The idea of the café is not to dispense parenting advice, but to promote networking and sharing among new and experienced parents so that solutions can be found in the wisdom of the group, said Denise Murrow, a Precious Blood Companion and director of Precious Blood Resource Services.
Murrow learned of the Parent Café concept through her contacts in the family social services agencies in the area and thought hosting a café at Precious Blood Renewal Center would be an ideal set up.
Precious Blood Resource Services is a ministry of accompaniment, Murrow said, so the idea of accompanying people who raise children through the Parent Café seemed an ideal project to adopt. And the Renewal Center – with its large, beautiful gathering space and kitchen facilities — seemed an ideal place to host a café.
“It’s a way for our two ministries to build bonds in the community, with other social service agencies and with individuals in the community,” Murrow said. “Isn’t that what the New Creation is about?” she asked. “All of us collaborating together?”
Murrow brought the idea to the Renewal Center team, who embraced it with enthusiasm.
“It’s a perfect fit for the mission of the Renewal Center,” explained Lucia Ferrara, Hospitality Director of Precious Blood Renewal Center. “We say we are a safe and sacred place for healing and reconciliation. [The Parent Café] will be for the parents a safe place to express their ideas, concerns and fears about parenting.”
“They also know that what they say here, stays here. And they know [what they say here] will be accepted,” Ferrara said, “When they leave, they will leave with a renewed spirit because of solidarity with other parents who have gone through the same things.”
“We want families, parents, grandparents to feel welcomed. We want the community to come together for the good of the kids,” said Ferrara, who has completed training to host the café and facilitate table discussions.
Companion Mary George has also completed the Parent Café training and will be working with Murrow and Ferrara to host the cafes at the Renewal Center. “When Denise came to me with the information about Parent Café I felt a calling to ‘Step out, Stand up and Speak clearly about the Precious Blood of Jesus,’ which, as you know, is part of our Companion Vision Statement,” George said.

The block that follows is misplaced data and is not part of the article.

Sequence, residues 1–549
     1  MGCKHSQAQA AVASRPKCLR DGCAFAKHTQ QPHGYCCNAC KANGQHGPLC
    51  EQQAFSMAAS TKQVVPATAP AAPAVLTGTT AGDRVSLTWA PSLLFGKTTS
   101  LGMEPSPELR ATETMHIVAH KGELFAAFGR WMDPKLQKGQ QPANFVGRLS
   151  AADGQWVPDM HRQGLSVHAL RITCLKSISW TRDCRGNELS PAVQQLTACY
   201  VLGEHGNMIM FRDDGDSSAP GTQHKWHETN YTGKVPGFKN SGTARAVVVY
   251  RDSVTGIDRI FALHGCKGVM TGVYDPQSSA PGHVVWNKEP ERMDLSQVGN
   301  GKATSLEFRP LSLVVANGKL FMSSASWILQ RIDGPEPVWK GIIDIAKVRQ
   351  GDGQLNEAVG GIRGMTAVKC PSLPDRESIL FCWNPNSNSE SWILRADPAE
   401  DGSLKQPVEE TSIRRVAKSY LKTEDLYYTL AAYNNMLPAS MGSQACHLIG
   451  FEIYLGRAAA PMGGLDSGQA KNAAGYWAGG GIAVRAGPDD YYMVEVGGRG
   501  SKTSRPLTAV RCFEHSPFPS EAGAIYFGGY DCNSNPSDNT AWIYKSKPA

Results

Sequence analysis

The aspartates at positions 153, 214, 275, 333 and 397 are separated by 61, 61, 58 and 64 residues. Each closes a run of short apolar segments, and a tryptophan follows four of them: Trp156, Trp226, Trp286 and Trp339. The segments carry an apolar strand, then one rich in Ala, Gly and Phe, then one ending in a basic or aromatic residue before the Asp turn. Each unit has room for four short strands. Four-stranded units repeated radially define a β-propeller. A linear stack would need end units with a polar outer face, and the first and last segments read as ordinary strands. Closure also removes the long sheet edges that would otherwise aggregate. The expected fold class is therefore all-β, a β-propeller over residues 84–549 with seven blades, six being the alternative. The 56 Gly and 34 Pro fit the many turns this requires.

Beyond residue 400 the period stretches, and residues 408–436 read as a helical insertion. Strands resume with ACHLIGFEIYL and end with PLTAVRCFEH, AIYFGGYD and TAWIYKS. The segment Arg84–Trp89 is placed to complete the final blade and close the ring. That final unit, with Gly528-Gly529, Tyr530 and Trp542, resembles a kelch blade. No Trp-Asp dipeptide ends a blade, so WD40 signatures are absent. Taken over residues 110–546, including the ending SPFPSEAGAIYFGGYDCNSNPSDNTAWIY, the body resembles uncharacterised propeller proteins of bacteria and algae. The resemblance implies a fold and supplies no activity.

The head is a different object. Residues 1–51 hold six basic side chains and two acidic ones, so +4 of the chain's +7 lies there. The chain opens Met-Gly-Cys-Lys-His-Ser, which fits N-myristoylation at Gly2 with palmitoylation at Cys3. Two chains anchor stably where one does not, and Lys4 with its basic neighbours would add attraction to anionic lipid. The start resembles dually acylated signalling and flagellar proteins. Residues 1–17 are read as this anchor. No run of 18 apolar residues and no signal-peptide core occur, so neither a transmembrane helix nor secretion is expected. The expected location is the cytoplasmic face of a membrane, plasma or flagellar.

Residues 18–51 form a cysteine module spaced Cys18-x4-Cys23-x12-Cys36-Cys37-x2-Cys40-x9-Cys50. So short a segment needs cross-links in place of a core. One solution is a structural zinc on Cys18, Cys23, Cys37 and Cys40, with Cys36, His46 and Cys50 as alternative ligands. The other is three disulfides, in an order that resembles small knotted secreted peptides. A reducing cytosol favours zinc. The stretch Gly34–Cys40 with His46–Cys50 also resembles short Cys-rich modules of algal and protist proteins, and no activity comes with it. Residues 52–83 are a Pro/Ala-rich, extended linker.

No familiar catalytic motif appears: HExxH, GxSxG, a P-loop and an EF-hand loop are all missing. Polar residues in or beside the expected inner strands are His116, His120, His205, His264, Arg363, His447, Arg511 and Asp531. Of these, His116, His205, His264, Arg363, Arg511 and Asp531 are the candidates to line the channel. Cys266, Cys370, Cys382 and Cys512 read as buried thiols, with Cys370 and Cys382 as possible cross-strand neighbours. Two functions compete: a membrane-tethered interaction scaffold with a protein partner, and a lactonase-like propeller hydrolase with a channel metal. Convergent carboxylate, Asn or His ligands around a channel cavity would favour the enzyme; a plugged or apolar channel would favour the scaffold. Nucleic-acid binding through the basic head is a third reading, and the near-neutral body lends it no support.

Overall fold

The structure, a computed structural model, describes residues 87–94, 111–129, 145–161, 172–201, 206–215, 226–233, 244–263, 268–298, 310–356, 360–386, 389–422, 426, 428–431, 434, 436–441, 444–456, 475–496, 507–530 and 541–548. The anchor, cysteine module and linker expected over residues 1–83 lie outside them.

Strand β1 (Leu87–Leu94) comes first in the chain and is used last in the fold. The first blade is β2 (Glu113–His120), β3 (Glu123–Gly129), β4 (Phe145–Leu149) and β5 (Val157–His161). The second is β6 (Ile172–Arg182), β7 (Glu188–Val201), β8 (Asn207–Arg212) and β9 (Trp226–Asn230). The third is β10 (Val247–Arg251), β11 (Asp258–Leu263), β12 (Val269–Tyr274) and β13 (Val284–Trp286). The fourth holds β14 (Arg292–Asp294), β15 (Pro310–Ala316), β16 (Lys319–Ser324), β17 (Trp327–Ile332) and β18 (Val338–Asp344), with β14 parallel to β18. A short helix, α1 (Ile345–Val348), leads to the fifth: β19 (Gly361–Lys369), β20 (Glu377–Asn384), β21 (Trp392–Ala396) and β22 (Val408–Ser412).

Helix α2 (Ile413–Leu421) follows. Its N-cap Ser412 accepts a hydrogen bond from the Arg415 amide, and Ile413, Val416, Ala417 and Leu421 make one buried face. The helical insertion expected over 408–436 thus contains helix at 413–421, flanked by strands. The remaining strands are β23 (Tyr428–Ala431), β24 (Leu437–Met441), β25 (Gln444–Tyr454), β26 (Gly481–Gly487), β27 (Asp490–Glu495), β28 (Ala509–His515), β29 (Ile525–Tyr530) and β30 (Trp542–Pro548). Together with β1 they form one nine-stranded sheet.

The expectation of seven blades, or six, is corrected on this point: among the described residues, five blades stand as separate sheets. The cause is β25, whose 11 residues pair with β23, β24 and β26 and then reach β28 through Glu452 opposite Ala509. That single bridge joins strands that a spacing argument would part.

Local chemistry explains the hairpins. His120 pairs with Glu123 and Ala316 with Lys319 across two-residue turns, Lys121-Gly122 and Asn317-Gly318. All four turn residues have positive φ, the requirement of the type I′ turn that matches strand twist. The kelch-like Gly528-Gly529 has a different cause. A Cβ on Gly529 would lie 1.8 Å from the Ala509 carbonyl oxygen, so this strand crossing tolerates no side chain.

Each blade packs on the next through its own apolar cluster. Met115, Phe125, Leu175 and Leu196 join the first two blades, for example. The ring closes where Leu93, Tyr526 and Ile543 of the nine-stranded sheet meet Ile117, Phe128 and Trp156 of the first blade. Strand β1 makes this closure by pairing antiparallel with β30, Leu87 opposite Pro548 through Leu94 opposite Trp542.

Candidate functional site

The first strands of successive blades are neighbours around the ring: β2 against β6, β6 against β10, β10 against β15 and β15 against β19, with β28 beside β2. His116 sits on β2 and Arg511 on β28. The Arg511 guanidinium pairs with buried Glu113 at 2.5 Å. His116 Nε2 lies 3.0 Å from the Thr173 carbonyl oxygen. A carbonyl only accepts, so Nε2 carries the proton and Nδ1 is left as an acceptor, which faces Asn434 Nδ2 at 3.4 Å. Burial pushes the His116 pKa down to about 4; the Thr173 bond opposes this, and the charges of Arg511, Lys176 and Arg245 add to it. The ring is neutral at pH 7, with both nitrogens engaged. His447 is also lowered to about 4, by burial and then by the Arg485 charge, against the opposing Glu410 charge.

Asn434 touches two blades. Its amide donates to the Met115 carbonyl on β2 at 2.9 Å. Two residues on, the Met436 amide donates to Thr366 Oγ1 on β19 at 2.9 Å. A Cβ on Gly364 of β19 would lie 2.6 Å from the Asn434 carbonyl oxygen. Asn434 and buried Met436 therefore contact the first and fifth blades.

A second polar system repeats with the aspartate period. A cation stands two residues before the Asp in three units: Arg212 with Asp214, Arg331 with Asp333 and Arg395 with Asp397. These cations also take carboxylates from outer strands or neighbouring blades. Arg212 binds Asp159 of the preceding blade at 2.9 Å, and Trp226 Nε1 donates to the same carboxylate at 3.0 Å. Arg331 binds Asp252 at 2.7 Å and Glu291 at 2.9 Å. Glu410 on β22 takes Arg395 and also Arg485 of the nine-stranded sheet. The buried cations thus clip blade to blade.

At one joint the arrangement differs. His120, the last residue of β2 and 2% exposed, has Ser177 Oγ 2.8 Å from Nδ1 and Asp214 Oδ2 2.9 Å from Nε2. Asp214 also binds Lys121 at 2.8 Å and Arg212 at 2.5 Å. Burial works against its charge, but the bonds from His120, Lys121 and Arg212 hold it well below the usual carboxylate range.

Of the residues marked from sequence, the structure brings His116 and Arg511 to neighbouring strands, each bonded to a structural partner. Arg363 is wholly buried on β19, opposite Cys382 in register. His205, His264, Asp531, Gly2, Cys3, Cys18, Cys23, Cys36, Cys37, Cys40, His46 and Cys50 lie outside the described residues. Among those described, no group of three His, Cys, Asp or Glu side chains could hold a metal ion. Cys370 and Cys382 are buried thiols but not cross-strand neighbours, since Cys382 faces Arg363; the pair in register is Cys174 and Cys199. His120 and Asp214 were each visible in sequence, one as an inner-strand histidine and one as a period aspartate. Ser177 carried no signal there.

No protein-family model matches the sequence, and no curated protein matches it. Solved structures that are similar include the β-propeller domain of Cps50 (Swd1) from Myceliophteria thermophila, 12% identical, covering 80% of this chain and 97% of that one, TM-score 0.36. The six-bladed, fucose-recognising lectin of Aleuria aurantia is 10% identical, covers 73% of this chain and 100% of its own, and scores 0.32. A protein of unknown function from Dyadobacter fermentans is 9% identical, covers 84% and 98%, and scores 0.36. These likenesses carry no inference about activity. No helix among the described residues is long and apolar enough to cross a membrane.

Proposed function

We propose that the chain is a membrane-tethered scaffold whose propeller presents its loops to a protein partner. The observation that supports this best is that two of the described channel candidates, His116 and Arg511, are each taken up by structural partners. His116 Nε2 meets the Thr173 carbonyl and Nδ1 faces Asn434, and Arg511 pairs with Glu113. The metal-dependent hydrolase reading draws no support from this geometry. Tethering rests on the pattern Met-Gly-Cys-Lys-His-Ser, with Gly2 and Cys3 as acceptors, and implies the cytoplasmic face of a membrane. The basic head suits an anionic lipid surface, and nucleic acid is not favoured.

“Being a part of Parent Café is a way for me to bring hope and renewal to families in my community,” she said.
Ferrara also has a personal reason for welcoming the Parent Cafes. She and her husband, Michael, fostered children in their home for several years. “At that time, we weren’t given any resources that could have helped us out,” she said. Sometimes, they felt isolated and on their own.
“I wanted to be part of something that helps parents be aware that others are going through similar things,” Ferrara said. “Every family has its own set of challenges, but [the Parent Café] lets people know they aren’t alone in the experience of raising children.”
George, too, brings past experience to the Parent Café. “I was a Stephen Minister for several years at St. James–Liberty and learned to walk with people who were dealing with difficult life situations,” she said. “A major part of the walk was listening and not judging, which are two of the Parent Café Agreements that are explained at the beginning of each Café.”
Ferrara also likes how the cafes are structured. “We’re not telling people what to do or how to be good parents.”
The Parent Café, she said, “draws on the wisdom that is found in all of us. Finding that wisdom and being able to share it with others — sharing in each other’s wisdom — that’s how the café works.”
Details about the Parent Café can be found here.
If you know someone who might be interested in attending the café, direct them to this webpage to register or to get more information.
If you are interested in a volunteer opportunity with the café, contact Murrow or Ferrara.
The project is supported by the Preschool Development Grant Birth through Five Initiative, from the Office of Child Care, Administration for Children and Families, U.S. Department of Health and Human Services, awarded to the Missouri Department of Elementary and Secondary Education.